The Western High Court recently found that the dismissal of an employee who had called in sick on the first day after a period of childbirth-related leave and holiday did not contravene the Act on the Equal Treatment of Men and Women.
Employers cannot dismiss employees wholly or partly on the grounds of childbirth-related leave. This would contravene the Act on the Equal Treatment of Men and Women. The burden of proof is reversed if an employee is dismissed during childbirth-related leave. Otherwise, the burden of proof is shared between employees and employers. In the case at hand, the Western High Court had to decide whether a production worker who was dismissed shortly after returning from childbirth-related leave had discharged the burden of proof by establishing facts indicating that her childbirth-related leave had been a factor in her dismissal.
The case involved a production worker at a company that sold products to restaurants and caterers. The plaintiff had been on childbirth-related leave and then took holiday in continuation of the leave. On the first day of work after her holiday, she called in sick. Two days later the plaintiff was dismissed by her employer, citing a drop in orders. The plaintiff had been selected for dismissal because she had had a considerably higher sickness absence rate (not pregnancy related) than other employees over an extended period.
The plaintiff and her trade union believed that the close temporal connection between her childbirth-related leave and dismissal indicated that the termination of her employment had been based on said leave. In addition, the plaintiff argued that the company had not proved that it had experienced a drop in orders due to her absence. The case was brought before the courts.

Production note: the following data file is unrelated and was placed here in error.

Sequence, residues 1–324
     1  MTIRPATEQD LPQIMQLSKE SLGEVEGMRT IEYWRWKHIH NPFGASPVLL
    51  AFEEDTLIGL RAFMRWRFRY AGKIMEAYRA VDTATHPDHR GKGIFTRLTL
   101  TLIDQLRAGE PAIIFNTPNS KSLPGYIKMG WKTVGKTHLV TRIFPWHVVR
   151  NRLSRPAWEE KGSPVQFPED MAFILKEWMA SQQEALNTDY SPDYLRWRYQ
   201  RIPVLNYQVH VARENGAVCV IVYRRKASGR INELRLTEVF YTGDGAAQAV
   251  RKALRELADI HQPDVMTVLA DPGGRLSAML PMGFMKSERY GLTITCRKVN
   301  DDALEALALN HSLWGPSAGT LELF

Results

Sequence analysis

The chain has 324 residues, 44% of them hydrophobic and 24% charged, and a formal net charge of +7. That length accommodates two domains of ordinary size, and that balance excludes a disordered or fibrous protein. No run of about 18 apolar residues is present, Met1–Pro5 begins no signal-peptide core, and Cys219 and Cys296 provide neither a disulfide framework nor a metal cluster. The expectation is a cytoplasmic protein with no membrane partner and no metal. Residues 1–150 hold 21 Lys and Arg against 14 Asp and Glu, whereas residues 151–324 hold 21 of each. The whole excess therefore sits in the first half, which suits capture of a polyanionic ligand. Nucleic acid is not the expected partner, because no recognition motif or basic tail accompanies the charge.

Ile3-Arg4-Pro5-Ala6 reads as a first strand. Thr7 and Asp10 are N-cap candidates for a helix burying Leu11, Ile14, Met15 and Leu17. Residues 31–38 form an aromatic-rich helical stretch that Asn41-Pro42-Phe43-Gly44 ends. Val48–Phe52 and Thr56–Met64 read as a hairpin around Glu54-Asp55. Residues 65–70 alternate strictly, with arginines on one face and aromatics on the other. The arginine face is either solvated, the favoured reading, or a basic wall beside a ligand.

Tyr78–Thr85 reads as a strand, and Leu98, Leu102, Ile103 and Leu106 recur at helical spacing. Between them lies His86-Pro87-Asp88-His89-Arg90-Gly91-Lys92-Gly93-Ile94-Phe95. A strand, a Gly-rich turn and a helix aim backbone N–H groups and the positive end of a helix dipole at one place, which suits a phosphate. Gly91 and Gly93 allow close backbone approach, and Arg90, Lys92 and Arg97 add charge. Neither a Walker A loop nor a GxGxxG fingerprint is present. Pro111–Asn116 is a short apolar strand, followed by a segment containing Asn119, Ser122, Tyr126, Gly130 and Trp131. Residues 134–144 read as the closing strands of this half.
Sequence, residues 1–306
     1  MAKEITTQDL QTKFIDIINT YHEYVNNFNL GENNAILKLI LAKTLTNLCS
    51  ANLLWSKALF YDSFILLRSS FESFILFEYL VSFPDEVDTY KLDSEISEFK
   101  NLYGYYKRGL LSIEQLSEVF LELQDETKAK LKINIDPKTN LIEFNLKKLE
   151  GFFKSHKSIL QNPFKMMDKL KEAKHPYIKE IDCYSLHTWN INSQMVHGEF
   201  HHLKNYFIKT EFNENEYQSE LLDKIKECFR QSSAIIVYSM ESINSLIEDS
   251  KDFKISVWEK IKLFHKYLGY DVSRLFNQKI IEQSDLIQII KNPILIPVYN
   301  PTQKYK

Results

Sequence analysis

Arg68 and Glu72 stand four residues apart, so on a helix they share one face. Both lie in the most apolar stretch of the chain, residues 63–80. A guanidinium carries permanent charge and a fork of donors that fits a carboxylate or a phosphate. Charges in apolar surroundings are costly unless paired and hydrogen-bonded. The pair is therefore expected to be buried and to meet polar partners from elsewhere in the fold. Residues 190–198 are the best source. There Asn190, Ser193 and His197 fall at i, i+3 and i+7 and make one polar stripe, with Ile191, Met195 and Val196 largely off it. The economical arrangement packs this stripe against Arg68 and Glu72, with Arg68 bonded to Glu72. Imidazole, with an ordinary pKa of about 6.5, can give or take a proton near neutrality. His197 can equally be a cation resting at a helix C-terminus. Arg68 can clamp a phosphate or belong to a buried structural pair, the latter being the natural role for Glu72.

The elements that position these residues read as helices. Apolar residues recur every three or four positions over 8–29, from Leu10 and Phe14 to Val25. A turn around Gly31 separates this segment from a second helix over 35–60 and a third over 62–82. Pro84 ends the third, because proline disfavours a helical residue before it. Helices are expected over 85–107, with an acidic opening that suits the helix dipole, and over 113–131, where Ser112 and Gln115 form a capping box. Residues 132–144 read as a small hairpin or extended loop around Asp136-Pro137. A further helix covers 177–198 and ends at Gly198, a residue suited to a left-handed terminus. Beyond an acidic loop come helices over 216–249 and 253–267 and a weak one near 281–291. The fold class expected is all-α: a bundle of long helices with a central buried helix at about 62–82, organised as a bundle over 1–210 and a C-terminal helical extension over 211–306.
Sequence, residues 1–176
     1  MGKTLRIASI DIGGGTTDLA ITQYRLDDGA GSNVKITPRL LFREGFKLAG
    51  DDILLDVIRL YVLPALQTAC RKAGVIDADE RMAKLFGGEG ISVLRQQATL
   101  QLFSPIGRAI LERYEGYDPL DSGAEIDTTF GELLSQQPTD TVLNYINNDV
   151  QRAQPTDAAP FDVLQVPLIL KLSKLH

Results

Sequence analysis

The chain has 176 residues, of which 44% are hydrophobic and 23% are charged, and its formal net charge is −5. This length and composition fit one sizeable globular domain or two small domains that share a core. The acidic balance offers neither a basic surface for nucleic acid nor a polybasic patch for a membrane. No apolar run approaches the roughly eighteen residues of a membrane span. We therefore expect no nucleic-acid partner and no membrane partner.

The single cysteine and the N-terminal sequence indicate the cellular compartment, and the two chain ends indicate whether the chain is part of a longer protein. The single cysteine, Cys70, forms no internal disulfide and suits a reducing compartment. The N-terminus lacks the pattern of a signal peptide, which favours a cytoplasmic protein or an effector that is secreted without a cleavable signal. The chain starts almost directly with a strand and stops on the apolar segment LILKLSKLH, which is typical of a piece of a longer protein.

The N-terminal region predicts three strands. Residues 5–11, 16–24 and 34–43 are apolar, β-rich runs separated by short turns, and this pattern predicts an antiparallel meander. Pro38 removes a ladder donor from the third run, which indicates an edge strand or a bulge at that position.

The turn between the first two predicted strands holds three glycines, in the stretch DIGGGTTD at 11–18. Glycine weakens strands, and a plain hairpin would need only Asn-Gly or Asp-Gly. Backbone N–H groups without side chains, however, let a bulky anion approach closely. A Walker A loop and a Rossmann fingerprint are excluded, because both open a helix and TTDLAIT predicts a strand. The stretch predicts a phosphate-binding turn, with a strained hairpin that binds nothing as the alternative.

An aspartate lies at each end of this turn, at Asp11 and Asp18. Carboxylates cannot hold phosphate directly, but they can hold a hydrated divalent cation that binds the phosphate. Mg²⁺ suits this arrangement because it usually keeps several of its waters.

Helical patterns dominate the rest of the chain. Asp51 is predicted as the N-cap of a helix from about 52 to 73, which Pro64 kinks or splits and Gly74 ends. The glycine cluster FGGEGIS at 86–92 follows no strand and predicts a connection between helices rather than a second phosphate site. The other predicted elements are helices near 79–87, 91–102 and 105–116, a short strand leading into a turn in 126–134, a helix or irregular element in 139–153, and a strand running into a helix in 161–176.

Both the district court and the Western High Court found in favour of the company, as the plaintiff had failed to establish facts indicating that her childbirth-related leave had been a factor in the decision to terminate her employment.
By contrast, the company had shown that the inflow of orders had dropped significantly around the time of the plaintiff's dismissal and it had therefore been necessary to lay off staff. The court took into account that the company had based the dismissal decision on objective criteria such as qualifications and attendance. Accordingly, it was found that the dismissal had not contravened the Act on the Equal Treatment of Men and Women.
The judgment exemplifies that if an employee's dismissal has a close temporal connection with their return from childbirth-related leave, this does not automatically raise a presumption of discrimination.
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